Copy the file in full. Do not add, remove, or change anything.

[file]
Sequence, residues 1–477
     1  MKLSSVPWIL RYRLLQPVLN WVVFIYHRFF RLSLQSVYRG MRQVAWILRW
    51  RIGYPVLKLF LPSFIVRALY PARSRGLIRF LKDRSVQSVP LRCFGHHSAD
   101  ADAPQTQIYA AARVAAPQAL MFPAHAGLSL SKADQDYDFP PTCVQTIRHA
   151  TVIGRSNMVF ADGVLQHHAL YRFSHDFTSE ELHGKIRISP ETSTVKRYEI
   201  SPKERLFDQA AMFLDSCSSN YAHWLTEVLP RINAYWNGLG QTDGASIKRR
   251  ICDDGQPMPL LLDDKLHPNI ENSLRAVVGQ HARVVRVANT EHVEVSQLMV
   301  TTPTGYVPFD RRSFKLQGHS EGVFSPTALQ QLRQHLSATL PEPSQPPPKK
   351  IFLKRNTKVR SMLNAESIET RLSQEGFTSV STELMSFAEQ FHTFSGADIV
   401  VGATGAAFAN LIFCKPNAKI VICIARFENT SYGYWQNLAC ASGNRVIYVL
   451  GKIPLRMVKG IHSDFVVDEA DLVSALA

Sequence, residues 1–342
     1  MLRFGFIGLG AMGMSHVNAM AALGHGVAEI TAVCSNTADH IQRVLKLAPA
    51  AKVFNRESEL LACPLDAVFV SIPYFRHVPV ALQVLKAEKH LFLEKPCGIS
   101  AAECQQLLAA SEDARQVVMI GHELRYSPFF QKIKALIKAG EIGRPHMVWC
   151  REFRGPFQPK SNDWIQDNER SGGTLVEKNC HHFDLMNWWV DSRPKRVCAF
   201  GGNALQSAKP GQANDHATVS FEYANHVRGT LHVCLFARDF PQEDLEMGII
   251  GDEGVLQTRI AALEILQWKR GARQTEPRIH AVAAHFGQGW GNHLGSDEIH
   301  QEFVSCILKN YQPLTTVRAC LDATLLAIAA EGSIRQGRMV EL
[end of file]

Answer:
Sequence, residues 1–477
     1  MKLSSVPWIL RYRLLQPVLN WVVFIYHRFF RLSLQSVYRG MRQVAWILRW
    51  RIGYPVLKLF LPSFIVRALY PARSRGLIRF LKDRSVQSVP LRCFGHHSAD
   101  ADAPQTQIYA AARVAAPQAL MFPAHAGLSL SKADQDYDFP PTCVQTIRHA
   151  TVIGRSNMVF ADGVLQHHAL YRFSHDFTSE ELHGKIRISP ETSTVKRYEI
   201  SPKERLFDQA AMFLDSCSSN YAHWLTEVLP RINAYWNGLG QTDGASIKRR
   251  ICDDGQPMPL LLDDKLHPNI ENSLRAVVGQ HARVVRVANT EHVEVSQLMV
   301  TTPTGYVPFD RRSFKLQGHS EGVFSPTALQ QLRQHLSATL PEPSQPPPKK
   351  IFLKRNTKVR SMLNAESIET RLSQEGFTSV STELMSFAEQ FHTFSGADIV
   401  VGATGAAFAN LIFCKPNAKI VICIARFENT SYGYWQNLAC ASGNRVIYVL
   451  GKIPLRMVKG IHSDFVVDEA DLVSALA

Sequence, residues 1–342
     1  MLRFGFIGLG AMGMSHVNAM AALGHGVAEI TAVCSNTADH IQRVLKLAPA
    51  AKVFNRESEL LACPLDAVFV SIPYFRHVPV ALQVLKAEKH LFLEKPCGIS
   101  AAECQQLLAA SEDARQVVMI GHELRYSPFF QKIKALIKAG EIGRPHMVWC
   151  REFRGPFQPK SNDWIQDNER SGGTLVEKNC HHFDLMNWWV DSRPKRVCAF
   201  GGNALQSAKP GQANDHATVS FEYANHVRGT LHVCLFARDF PQEDLEMGII
   251  GDEGVLQTRI AALEILQWKR GARQTEPRIH AVAAHFGQGW GNHLGSDEIH
   301  QEFVSCILKN YQPLTTVRAC LDATLLAIAA EGSIRQGRMV EL